Nevada ranks among the national and WAC leaders in field goal, free throw and three-point percentage. The Wolf Pack leads the league and ranks seventh in the NCAA in three-point percentage (42.9 percent, 103-240). Nevada also ranks second in the WAC and 27th in the nation in free throw percentage (73.0 percent) and is second in the WAC and 29th in the country in field goal percentage (49.7 percent). Last year, Nevada shot 45.6 percent from the field and 36.0 percent from three-point land and made 71.4 percent of its attempts from the charity stripe.
 Nevada has shot 50 percent or better in eight of its 14 games this year and has made at least seven three-pointers in all but four games so far this year. The Wolf Pack knocked down a season-high 11 treys Nov. 21 vs. UC Irvine (11-19) and turned in a season-best 71.4 effort from beyond the arc Dec. 12 vs. Saint Mary’s (10-14).

The Wolf Pack ranks second in the WAC and 41st in the NCAA in assists so far this season and has three players ranked in the top 10 in the league in the category. Nevada is averaging 16.71 assists per game and turned in a season-best 28 assists Dec. 28 against Maine.
 With 61 assists so far this year, junior Ramon Sessions is ranked third in the WAC with 4.64 assists per game. Sessions turned in a season-high eight assists in the Dec. 16 win over Pacific. He had seven assists in the Nov. 21 victory over UC Irvine and matched that with seven (and no turnovers) Nov. 29 at Louisiana-Lafayette. Sessions has also dished out at least five assists in four other contests so far this year, including six on Dec. 28 vs. the Maine Black Bears. Senior Kyle Shiloh is second on the team and ninth in the league at 3.07 assists per game, while sophomore Lyndale Burleson ranks 10th in the WAC at 3.00 assists per contest and dished out a season-high tying six assists (with no turnovers) on Dec. 28 vs. Maine.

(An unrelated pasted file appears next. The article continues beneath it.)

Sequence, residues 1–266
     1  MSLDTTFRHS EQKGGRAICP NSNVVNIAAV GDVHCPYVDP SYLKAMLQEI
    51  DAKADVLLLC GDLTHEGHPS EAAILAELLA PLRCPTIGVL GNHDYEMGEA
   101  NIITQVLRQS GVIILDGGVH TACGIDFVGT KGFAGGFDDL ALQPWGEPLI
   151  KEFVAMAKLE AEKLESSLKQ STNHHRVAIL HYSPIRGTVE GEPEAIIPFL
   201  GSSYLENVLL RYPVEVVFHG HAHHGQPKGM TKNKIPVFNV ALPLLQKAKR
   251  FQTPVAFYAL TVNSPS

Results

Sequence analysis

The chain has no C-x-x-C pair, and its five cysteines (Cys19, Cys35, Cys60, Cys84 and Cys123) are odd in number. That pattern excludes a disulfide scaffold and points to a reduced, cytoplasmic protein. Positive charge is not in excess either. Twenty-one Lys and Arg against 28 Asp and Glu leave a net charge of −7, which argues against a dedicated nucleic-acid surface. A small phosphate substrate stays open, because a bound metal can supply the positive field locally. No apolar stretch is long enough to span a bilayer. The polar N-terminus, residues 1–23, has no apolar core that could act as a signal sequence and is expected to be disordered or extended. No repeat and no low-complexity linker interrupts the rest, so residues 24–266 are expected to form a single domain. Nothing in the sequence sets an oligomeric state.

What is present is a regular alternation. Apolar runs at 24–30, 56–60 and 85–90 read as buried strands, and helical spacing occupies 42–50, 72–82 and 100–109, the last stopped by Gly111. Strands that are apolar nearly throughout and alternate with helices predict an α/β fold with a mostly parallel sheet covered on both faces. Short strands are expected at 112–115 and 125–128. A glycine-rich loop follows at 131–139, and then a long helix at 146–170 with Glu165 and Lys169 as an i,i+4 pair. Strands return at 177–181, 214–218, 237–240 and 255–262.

On the preseason watch list for the Bob Cousy Collegiate Point Guard of the Year Award, Sessions has moved into sixth place in the Nevada career record books with 384 assists in just 77 career games (5.0 assists per game). Sessions has led the team in assists in each of his seasons at Nevada, setting both the school’s freshman (166) and sophomore (153) marks for assists. Last year, he ranked second in the WAC with 4.9 assists per game.
 Burleson and Sessions are also ranked in the top three in the WAC in assist-to-turnover ratio. Burleson is leading the WAC at 2.33 (42 assists with just 18 turnovers), while Sessions is third (2.32, 65-28). As a team, Nevada has the league’s best 1.16 assist-to-turnover ratio.

Marcelus Kemp is a great shooter who can get on a roll, and that is just what the junior guard has done so far this season. Kemp has made 45.1 percent of his three-point attempts this season (37-82), good for third in the WAC statistics, and is second in the league in three-point field goals made (2.64). He tied his career best with five three-pointers made in each of Nevada’s first two victories and made all four of his long-range attempts Dec. 12 vs. Saint Mary’s. He is second on the team and third in the WAC in scoring at 18.2 points per game and ranks eighth in the WAC in field goal percentage at 45.4 percent.
 Kemp has led the team in scoring seven times this year, including 22 points Saturday vs. Idaho. With 906 career points, he needs just 94 more points to become the 18th player in school history to join the 1,000-point club.